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We all want what we don’t have and always wish for more. A bigger home, a faster car… It is easy to envy thy neighbour when they seem to have more than you do.

With the proposal of mansion tax, John Elliott, Managing Director of Millwood Designer Homes, says that you should be careful what you wish for.

“Mansion tax is an annual tax to be paid by the owners of houses worth more than £2m. Originally an idea floated by the Liberal Democrats in 2010, it was adopted as a pre-election promise by the Labour leader, Ed Miliband, who has insisted its plan would raise more than £1bn annually to boost spending in key areas, such as the NHS. Surely the NHS needs reform, not more money provided by taxation on property. All that is doing is feeding a system that fundamentally needs change or it will just keep on repeating the same mistakes.

“Details of the threatened levy are still thin on the ground, but we do know that homes worth more than £2m will be hit with an annual charge of up to £30,000. Apparently, there will be protection for cash-poor but equity-rich owners – likely to be the option of paying the charge from their estate when they die (advanced death tax!)

“In 2013, David Cameron ruled out imposing a mansion tax. He told the BBC that a “wealth tax is not sensible for a country that wants to attract wealth creation, wants to reward saving and people who work hard and do the right thing”.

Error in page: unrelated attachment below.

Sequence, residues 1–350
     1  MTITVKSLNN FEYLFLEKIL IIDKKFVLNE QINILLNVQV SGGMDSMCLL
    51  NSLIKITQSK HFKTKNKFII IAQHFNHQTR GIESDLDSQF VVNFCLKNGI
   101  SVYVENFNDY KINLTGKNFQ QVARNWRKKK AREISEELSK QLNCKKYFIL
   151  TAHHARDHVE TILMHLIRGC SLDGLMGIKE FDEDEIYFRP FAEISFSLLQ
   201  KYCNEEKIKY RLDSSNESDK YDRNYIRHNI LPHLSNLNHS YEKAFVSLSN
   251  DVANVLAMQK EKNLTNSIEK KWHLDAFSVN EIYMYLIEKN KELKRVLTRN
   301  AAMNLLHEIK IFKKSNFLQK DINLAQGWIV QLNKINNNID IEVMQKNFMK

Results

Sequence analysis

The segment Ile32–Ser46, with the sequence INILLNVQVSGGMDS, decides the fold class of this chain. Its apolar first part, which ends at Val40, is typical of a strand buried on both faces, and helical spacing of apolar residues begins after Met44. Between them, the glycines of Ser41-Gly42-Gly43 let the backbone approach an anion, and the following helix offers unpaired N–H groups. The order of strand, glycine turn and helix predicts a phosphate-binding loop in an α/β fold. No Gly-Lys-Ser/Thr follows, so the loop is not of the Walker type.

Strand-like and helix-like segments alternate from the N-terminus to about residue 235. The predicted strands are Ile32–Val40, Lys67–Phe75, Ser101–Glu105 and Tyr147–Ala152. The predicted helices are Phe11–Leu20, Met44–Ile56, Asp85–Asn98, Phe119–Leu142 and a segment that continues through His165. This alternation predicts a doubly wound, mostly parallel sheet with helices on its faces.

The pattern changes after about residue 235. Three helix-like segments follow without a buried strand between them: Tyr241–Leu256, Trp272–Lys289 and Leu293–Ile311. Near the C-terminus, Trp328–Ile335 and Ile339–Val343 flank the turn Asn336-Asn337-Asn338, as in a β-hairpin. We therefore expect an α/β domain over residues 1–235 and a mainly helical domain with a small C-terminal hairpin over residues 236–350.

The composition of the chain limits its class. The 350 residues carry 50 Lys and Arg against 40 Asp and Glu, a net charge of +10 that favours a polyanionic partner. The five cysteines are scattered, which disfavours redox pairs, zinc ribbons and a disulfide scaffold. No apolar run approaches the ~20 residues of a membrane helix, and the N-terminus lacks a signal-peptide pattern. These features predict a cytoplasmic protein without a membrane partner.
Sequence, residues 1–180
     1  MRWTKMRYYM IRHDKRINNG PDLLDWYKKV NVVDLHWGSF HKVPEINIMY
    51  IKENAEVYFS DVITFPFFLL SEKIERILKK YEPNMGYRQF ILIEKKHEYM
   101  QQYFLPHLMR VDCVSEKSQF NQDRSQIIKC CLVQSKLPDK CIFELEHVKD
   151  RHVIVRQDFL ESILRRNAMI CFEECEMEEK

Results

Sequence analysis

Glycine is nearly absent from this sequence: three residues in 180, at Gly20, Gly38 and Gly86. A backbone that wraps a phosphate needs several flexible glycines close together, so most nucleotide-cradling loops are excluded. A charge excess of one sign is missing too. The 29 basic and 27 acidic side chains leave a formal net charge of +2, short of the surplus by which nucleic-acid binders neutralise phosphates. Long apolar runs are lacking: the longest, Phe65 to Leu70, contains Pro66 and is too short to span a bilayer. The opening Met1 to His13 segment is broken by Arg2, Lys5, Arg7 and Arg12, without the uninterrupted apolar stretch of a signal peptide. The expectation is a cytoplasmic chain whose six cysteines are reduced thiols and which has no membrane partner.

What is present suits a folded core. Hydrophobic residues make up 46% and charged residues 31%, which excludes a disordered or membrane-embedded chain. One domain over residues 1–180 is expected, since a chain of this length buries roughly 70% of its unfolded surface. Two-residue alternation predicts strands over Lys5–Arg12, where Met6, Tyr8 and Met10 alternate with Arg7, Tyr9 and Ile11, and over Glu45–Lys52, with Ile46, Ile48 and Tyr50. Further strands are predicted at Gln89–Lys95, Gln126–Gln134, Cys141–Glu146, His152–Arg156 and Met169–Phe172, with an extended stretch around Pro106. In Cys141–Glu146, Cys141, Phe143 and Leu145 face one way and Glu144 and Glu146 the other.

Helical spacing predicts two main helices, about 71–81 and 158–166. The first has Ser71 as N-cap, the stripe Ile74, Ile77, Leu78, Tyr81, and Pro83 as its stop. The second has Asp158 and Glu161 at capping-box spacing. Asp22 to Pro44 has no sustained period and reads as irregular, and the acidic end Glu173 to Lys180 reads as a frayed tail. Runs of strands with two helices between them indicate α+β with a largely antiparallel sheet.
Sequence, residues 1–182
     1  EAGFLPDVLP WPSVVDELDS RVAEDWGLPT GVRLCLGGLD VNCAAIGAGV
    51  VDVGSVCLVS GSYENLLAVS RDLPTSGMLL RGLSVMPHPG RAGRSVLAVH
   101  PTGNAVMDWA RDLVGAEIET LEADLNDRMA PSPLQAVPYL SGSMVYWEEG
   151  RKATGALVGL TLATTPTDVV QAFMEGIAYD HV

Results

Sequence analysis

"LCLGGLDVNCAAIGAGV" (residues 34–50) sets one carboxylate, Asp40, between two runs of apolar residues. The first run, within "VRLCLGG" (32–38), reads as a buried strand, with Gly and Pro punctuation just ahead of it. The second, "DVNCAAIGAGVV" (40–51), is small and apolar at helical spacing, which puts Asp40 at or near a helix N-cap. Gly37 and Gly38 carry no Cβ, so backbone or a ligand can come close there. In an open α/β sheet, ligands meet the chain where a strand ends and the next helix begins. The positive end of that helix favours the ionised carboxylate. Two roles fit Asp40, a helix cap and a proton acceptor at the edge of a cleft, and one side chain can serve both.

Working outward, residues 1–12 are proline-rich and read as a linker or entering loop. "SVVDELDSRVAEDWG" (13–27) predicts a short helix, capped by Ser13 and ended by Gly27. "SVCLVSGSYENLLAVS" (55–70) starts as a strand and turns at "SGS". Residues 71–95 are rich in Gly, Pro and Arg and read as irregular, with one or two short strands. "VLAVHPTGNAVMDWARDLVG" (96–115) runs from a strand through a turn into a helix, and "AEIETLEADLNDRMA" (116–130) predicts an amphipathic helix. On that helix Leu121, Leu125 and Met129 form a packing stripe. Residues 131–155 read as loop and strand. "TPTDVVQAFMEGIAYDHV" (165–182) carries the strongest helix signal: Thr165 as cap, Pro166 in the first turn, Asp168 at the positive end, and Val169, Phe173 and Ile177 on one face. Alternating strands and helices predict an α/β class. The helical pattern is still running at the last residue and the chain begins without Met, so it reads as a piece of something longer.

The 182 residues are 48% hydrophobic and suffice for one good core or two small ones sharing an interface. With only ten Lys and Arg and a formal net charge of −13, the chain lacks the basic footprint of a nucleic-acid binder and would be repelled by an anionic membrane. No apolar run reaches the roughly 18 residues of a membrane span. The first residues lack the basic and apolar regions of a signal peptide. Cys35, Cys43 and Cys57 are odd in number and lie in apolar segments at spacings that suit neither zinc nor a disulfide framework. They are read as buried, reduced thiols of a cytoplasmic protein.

“I couldn’t agree more. Mansion tax will hit comfortably-off but not wealthy families who have worked hard, traded up the property ladder and stretched themselves to buy that dream home.

“Talk of the levy has meant buyers are becoming more reluctant to purchase properties that could potentially be hit by the charge. As a result, prices and transactions above the £2m cut-off are significantly reduced. Any property that could previously have sold for just over £2m will immediately be worth less than £2m. This in turn has a knock-on effect on homes below that bracket, filtering down the entire housing market. Agents predict the market will fall by as much as 20 per cent in value if the tax comes into effect.

So if you thought that you were safe from mansion tax, you may well find that you are still affected by ending up in negative equity, as the levy threshold reduces down the value range.

“I think that new forms of taxation should focus on the ability to pay, not be based on the property value.

This is evident because families may have to sell their family home as they have been valued at over £2m and they could not afford the mansion tax, only to see their home of over 50 years going at auction for less than £2m and, as a result, dropping out of the tax zone, causing yet more difficulties and complications. How is that fair? More importantly, the value of a property should be determined by the market and not by the so-called ‘expert’ valuers, who would presumably provide the data for calculating a new tax, so in many cases, homes might be falsely valued over £2m. Worryingly, the threshold for the tax could also drop below £2m if it does not raise enough money, affecting even more people. You may be an Ed Miliband voter but if you have a house worth £1m you’ll probably be next on his hit list. In addition, for those family homes passing down the generations, the tax would complicate and add significantly to the amount of inheritance tax paid.